Orbital Stability of Planetary Quasi-Satellites
An object having the same mean motion and mean longitude, but different eccentricity than a planet, appears to circle the planet like a retrograde moon. If the distance is large enough such that the object is not gravitationally bound to the planet, this type of motion is another kind of 1:1 resonant trajectory, in addition to the Trojan-type orbits. We have studied the stability of such a motion both numerically and analytically, and have found adiabatic invariants which govern this type of motion. As long as the orbits are almost coplanar, stability seems to persist in the restricted problem. This applies both to the circular and eccentric restricted three-body problems. Numerical computations in the actual Solar System suggest that at least the Earth and Venus could have such satellites at roughly the distance of 0.1 AU. In the case of Mars, the motions are unstable and lead to escape from such an orbit in a time-scale of few million years.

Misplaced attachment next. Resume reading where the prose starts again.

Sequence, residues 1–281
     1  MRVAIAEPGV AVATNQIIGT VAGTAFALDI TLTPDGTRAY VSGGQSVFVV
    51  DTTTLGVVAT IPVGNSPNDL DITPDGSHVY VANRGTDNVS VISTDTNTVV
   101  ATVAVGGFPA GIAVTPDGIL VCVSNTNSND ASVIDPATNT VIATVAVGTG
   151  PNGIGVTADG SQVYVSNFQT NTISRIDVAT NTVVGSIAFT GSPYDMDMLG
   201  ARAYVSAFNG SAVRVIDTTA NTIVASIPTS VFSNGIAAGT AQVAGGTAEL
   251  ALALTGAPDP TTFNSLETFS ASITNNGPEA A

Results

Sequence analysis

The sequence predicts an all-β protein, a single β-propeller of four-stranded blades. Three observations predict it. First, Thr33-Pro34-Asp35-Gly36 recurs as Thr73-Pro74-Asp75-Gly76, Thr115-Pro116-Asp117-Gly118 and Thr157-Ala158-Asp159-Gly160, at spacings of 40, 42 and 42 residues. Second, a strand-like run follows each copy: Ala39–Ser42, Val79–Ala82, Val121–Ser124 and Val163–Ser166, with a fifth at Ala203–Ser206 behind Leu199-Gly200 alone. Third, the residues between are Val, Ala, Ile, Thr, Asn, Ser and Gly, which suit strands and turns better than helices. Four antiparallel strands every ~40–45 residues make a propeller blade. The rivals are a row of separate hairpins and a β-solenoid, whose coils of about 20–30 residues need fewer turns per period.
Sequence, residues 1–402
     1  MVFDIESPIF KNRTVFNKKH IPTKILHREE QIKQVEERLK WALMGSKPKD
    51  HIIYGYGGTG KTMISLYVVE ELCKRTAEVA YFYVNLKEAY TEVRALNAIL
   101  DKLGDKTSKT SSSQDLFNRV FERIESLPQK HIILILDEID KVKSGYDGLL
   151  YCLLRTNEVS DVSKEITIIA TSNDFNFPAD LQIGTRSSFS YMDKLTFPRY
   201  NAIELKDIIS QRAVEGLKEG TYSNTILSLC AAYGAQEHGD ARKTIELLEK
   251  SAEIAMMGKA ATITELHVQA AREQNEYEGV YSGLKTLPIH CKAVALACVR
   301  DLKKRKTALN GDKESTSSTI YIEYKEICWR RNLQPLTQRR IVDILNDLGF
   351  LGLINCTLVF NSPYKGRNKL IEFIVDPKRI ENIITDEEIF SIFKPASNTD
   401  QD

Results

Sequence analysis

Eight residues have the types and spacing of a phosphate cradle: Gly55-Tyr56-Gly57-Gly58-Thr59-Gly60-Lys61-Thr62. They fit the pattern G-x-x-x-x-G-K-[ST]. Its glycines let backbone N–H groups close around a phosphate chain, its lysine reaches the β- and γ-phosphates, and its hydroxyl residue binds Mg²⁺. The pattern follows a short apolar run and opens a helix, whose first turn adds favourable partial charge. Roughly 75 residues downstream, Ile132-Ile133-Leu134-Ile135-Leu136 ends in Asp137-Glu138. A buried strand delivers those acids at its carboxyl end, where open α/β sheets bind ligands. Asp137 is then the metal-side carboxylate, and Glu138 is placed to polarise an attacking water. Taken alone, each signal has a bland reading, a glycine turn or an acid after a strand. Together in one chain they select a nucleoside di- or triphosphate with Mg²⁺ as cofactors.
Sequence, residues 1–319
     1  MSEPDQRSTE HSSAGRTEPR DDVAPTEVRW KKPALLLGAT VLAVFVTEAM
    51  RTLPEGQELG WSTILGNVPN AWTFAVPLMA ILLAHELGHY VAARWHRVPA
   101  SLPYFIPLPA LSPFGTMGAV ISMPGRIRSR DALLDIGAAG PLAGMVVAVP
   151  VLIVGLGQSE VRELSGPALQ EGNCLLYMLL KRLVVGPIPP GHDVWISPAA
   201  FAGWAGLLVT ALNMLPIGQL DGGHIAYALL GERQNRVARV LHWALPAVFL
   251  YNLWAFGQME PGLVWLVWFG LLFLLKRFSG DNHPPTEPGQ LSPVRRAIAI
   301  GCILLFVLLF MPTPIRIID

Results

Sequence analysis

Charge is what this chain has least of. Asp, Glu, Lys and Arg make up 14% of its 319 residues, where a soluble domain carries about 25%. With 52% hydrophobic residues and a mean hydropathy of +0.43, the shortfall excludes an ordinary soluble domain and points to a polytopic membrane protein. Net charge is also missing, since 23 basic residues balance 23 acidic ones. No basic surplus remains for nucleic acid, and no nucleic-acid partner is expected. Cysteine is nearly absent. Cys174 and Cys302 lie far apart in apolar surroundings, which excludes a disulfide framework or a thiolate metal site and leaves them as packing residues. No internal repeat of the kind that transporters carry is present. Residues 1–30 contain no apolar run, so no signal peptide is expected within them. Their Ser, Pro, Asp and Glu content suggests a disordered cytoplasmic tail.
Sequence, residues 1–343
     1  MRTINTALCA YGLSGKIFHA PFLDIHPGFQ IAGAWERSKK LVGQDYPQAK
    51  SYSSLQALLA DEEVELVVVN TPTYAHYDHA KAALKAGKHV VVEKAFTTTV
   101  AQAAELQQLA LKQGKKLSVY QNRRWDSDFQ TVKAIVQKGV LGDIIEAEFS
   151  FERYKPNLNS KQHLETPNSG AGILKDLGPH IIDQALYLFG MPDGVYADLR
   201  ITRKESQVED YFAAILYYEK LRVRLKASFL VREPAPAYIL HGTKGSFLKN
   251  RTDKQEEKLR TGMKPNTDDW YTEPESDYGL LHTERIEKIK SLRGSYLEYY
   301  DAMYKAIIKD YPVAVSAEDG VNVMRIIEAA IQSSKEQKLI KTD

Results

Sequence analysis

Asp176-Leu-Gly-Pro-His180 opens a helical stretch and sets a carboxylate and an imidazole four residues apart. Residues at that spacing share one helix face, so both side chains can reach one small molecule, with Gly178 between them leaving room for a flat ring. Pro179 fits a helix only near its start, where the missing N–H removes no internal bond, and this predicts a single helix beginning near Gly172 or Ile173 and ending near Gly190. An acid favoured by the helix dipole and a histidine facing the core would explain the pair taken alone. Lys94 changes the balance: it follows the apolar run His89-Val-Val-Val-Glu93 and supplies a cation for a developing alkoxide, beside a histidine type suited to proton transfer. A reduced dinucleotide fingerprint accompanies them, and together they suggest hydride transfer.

Key wordsstability satellites asteroids
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